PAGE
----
Government Regulations
To quote Jamie Dimon of JP Morgan Chase before Congress on June 13, 2012, "Lets not throw the baby out with the bathwater", ... "I believe in strong regulation, not necessarily more regulation".. He clarified by saying that continuing to add regulation on top of bad, ineffective regulation would just make it more complex and costly and less effective, meaning be a little thoughtful about the regulation that you impose on business. That is the common sense approach. People are concerned when they hear that Congress invites industry experts in to discuss development of laws and regulations for fear of watering down the law/regulation. So, that means they would rather have politicians in Congress who DO NOT understand the industry, develop a new law/regulation on their own? That hurts the industry, the economy and the employees and clients of the industry in question. If Congress is the "executive" representing the people of the US, they should use industry experts and make strong and proper executive decisions that create effective laws with with the best interests of the country in mind, and with out political maneuvering.

Risk, Regulation, and the Innovation Slowdown

10/16/16
from CATO Institute,
9/1/16:

Conventional wisdom seems to hold that the world is moving faster and faster — that the pace of innovation is accelerating. And why not? The digital surge since 2007, when the first iPhone was released, has had a visible impact on the way we live our lives. New scientific discoveries leave us in awe. Driverless cars are arriving on our roads, drones delivering goods will soon fly over our heads. Advanced surgery can be done by robots, monitored by remote surgeons, and the revolution in robotics has just begun to reshape how the service sector is organized. And then there is modern medicine. Biomedical innovation has turned diabetes, heart disease, and HIV into chronic diseases rather than a death sentence. There are close to 1,000 new cancer drugs using frontline genomics in clinical development, many of which will be far more powerful fighting tumors and metastases than existing drugs and chemotherapy. By 2030, say some geneticists, the world will have cured cancer. Yet for all the impressive results of science, why are we still talking about curing cancer in the future? Why aren’t we curing it now? Why did we not cure it 30 years ago? Cancer has been a known cause of death for several hundred years. Its genetic source was discovered more than a century ago. The “war on cancer” did not begin with President Nixon’s famous National Cancer Act in 1971, but with the creation of the American Cancer Society in 1913.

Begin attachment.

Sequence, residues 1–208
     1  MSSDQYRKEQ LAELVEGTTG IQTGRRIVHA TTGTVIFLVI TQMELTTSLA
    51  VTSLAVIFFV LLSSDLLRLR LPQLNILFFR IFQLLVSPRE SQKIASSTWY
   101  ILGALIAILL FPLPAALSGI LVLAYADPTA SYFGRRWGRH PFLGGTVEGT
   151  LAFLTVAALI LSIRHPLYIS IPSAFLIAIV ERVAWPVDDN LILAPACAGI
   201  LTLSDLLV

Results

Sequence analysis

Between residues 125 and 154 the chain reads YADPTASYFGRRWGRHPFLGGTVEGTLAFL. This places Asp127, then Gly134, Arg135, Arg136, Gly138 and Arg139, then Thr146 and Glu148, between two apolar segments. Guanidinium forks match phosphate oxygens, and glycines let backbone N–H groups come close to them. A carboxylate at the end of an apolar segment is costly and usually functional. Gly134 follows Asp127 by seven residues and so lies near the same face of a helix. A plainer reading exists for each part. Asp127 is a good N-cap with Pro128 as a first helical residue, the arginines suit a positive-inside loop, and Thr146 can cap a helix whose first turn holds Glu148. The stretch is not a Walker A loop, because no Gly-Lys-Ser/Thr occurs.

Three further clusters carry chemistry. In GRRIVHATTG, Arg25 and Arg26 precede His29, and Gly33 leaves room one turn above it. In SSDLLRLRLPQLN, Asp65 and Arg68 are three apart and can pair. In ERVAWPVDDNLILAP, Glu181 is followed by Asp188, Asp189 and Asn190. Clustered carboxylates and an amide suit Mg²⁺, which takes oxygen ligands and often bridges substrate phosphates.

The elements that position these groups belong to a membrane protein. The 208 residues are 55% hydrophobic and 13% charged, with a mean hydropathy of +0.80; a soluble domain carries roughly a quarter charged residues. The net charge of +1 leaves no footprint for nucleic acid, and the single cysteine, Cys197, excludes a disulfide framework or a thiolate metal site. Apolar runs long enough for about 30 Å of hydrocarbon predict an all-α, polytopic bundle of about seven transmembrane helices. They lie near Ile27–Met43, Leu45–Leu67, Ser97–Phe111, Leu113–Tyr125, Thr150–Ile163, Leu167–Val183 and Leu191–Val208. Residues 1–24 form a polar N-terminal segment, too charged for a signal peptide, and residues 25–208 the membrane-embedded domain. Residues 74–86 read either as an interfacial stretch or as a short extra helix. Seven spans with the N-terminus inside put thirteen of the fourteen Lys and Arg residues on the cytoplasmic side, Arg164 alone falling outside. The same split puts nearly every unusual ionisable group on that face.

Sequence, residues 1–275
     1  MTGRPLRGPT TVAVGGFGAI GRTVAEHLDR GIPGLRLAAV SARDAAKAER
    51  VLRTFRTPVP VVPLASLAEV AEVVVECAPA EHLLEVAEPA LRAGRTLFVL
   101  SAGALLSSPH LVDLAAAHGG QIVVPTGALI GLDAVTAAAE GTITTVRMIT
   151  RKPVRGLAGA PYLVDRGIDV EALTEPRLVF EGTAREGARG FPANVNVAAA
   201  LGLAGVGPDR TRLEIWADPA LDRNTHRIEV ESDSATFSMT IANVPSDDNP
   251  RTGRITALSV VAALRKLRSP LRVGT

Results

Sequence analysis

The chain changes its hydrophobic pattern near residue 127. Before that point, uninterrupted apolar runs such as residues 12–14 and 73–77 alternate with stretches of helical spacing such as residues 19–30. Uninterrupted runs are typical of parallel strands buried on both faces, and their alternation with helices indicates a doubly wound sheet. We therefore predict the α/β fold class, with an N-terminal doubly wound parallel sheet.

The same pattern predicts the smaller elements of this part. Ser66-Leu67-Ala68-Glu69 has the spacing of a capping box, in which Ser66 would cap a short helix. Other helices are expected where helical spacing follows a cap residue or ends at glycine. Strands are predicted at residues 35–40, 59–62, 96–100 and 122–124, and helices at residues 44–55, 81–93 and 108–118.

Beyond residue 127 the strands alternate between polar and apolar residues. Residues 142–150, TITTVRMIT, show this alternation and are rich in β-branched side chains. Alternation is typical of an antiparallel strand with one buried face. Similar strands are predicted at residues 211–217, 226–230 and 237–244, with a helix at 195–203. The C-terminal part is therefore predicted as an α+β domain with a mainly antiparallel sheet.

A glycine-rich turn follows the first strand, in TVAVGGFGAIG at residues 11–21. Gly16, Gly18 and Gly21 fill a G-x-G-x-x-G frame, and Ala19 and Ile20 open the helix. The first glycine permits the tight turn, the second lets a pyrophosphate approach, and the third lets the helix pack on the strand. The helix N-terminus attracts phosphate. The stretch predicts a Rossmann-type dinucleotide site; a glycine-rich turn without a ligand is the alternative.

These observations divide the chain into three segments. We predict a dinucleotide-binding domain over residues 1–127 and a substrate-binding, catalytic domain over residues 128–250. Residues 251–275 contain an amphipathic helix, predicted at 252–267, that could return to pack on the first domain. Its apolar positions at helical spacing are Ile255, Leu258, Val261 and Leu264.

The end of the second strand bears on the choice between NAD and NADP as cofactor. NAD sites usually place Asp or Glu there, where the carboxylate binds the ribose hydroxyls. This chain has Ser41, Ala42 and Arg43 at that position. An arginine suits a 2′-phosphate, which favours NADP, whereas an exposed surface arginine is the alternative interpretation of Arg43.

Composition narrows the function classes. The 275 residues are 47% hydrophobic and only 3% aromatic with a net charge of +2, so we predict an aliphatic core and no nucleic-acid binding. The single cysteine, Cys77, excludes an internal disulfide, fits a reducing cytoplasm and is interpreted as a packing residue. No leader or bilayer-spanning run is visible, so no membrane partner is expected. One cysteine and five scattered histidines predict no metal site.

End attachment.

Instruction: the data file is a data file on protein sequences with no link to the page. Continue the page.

Frustration with the slow progress of innovation shouldn’t stop with medical science. The slowdown of innovation is a much broader problem — and a growing one. It has nothing to do with limits to human ingenuity but rather reflects the flaws in the type of capitalism that has evolved in the West over the past 40 years. That was not what Joseph Schumpeter, a great theorist of innovation, sketched in his 1942 book Capitalism, Socialism and Democracy. Like Karl Marx, Schumpeter had a firm belief in the innovative capacity of capitalism. The capitalist system, wrote Schumpeter, was a “perennial gale of creative destruction.” In the end, however, it would become a casualty of its own success: capitalism would innovate itself to death. “Capitalism,” Schumpeter argued, “is being killed by its achievements.” Schumpeter came to regret his apocalyptic view of the economic and social fabric of innovative capitalism, yet now his dystopian vision has been given new life with warnings that innovative capitalism will put millions of workers in the developed world out of work. It has long been known that robots can replace muscle and manual labor. But now, we are told, they are “coming to an office near you,” as the cover of The Economist magazine recently put it. Smarter, stronger, and more adaptive than white-collar graduates, the robots will put office workers out to pasture. Those of us with a college education are now at risk of losing our jobs because of artificial intelligence, supercomputers, and other innovations that will steal our jobs. It is not surprising, therefore, that studies have shown Americans fearing robots more than death.

The prophecy is wrong, however — and that’s not good news. It would be great if the West were on the threshold of a new age of fast-and-furious innovation, because that would boost the economy and give everyone new economic opportunities. Our economy, however, does not encourage innovation, experimentation, and competition as much as it should, and could. If you consider what political and corporate leaders are up to, the Western economy is not preparing for an innovation feast but an innovation famine. Companies doubt there is a payoff from investment in radical innovation — and political leaders refuse to recognize that more and faster innovation requires radical changes in regulation and government behavior.

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